visual triage of David Armano’s visual thinking archive

March 12th, 2010  |  Published in Picture This

Ok, I already had a print-out set of 60 of the gorgeous images from David’s set here, so this was the next step in my trial of visual triage.

These got printed out in a bigger size, because they are generally a bit more complex than the proven models. Again, black and white, so a lot of the richness in this step got lost.

But then again, that helps to not be distracted by minor details.

So there are the usual suspects: one-dimensionals like Conventional + Unconventional Marketing, Life Streams or Experience Distribution, centres and cycles like Influence Ripples, Digital Mindsets or the Marketing Spiral.

And finally, something new: One of the recurring themes in David’s pictures is the amount of comparisons going on. They come in 3 flavors: 1 on 1 like tipping the media scales, threesomes like post-consumer era and spectrums like the one below.

the OMG-WFT spectrum (by David Armano)

the OMG-WFT spectrum (by David Armano)

But wait, there’s one more interesting approach: “the house”

building blocks: social experience (by David Armano)

building blocks: social experience (by David Armano)

I was somewhat reminded of the way ARIS is sometimes displayed. But instead of the roof, this one takes the foundation for content.

If you want another house, try this one (warning, visual complexity [not of this type]). I’m a bit surprised not to find the “house” on the periodic table of visualization methods, though.

So here’s the big question: Why are his pictures so much more appealing? Is it his background as a design thinker, the use of better tools or the fact that he is actively engaged in talking about these experiences and not just crunching theory?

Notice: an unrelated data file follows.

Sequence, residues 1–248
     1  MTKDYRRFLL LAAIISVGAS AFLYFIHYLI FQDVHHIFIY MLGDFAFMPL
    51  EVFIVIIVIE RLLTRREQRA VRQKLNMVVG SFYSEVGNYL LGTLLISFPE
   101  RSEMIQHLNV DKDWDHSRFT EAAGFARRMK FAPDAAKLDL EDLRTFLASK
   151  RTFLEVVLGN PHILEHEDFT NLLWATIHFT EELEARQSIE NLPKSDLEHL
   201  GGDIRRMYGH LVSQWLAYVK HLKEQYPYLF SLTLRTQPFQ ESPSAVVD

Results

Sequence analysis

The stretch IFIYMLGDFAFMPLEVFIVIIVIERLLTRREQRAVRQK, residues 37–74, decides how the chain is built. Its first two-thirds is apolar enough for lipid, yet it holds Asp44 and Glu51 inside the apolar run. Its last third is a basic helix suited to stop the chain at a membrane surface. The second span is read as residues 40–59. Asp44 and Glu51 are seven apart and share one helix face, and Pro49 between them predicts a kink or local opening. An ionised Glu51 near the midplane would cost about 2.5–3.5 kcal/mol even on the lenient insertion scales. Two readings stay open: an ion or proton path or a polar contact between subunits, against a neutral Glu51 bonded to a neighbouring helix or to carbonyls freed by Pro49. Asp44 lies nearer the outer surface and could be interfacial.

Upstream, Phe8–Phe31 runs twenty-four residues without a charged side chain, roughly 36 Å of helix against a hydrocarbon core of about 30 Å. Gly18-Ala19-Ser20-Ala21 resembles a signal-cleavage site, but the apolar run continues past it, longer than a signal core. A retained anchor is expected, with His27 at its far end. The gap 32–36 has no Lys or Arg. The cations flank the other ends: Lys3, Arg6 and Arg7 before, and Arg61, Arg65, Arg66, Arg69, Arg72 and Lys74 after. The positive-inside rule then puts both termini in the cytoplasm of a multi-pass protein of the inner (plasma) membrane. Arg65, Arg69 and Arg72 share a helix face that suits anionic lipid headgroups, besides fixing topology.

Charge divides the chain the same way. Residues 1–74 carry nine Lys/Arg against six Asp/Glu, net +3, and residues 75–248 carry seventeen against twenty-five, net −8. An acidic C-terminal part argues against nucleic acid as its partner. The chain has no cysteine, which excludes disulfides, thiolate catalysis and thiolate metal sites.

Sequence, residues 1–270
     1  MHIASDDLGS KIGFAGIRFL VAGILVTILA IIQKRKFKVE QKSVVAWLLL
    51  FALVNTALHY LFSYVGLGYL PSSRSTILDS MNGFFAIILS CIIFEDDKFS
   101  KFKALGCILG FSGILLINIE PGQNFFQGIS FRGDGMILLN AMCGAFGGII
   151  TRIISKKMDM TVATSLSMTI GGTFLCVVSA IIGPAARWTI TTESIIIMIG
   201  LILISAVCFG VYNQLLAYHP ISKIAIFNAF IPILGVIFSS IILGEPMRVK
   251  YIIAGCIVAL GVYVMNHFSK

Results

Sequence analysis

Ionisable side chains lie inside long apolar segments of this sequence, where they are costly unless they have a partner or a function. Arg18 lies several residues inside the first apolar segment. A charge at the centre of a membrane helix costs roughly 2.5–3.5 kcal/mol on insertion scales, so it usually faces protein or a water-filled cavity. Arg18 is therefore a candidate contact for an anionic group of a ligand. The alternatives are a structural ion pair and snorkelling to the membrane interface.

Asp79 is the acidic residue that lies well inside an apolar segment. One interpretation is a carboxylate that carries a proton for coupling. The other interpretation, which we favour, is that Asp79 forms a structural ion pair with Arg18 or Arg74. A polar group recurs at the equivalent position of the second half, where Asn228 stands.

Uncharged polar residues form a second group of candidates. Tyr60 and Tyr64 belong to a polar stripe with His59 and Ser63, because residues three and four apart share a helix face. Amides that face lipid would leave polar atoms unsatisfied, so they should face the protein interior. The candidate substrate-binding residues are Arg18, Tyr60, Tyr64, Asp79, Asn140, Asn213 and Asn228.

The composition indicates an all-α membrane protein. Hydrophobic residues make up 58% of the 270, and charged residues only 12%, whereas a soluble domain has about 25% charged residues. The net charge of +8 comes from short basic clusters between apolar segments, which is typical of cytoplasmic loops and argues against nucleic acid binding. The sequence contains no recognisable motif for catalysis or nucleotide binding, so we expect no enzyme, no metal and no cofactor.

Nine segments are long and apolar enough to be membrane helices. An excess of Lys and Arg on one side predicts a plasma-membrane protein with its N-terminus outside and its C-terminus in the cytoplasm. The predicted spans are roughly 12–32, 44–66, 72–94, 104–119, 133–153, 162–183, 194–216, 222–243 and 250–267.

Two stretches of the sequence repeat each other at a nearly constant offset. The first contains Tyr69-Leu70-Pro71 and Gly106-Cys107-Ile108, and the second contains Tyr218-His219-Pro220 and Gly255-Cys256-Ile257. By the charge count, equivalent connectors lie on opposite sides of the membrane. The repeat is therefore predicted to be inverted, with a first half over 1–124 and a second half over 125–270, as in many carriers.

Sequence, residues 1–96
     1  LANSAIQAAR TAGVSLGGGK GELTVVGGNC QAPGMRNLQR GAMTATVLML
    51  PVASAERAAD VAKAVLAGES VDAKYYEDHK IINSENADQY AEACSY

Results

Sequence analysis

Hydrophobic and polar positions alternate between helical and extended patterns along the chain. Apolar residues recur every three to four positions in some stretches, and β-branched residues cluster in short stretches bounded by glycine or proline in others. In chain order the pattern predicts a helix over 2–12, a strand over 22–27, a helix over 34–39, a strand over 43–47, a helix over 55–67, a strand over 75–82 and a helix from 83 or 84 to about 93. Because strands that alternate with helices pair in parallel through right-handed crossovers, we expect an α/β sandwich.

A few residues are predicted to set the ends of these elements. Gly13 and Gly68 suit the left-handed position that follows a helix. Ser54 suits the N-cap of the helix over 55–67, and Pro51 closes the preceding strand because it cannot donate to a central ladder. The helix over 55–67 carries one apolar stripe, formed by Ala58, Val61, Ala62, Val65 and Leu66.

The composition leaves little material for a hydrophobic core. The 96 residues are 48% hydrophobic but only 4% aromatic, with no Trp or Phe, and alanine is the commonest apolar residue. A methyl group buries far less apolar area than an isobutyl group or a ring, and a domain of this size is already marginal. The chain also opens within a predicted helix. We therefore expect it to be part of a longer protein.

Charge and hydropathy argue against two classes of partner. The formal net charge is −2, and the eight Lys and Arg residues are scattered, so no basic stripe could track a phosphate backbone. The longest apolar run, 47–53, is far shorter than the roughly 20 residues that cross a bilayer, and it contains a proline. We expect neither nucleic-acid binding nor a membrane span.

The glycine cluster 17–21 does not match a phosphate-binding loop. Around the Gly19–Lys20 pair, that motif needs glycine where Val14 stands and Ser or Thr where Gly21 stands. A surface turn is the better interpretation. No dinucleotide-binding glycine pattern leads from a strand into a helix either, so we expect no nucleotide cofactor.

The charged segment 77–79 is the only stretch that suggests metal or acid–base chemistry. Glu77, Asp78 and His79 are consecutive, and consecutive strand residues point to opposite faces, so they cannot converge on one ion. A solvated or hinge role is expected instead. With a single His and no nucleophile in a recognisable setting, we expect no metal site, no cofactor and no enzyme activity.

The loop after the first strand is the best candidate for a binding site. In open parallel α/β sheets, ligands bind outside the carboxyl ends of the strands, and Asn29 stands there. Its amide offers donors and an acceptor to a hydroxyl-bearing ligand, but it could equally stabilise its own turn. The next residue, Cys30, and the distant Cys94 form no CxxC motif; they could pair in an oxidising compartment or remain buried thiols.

If we think about David as a teacher (let’s call him “Professor of Social Media Strategy at the School of Hard Knocks”) and not the consultant role he usually has, what can we learn?

His classroom: the internet (through blogs, twitter, etc.) , his peer group (media strategists), old school media (Harvard Business Review) and most importantly (from a monetary perspective, at least): conferences, the employer and its paying clients.

Result: flexible size of audience, independence of physical location and multiple streams of revenue. And best of all: most of the stuff is free, and an active crowd is constantly providing feedback to his work so everybody benefits. Everybody teaches everybody.

And the only thing the teacher get’s payed for is when there is one of the 8 generatives better than free at play.

Ok, I got a bit carried away, but up next will be main selection of the important models concerning my Bachelor’s report.

Stay tuned or hit the comments to provide your perspective on next-generation learning and the art of visual storytelling.

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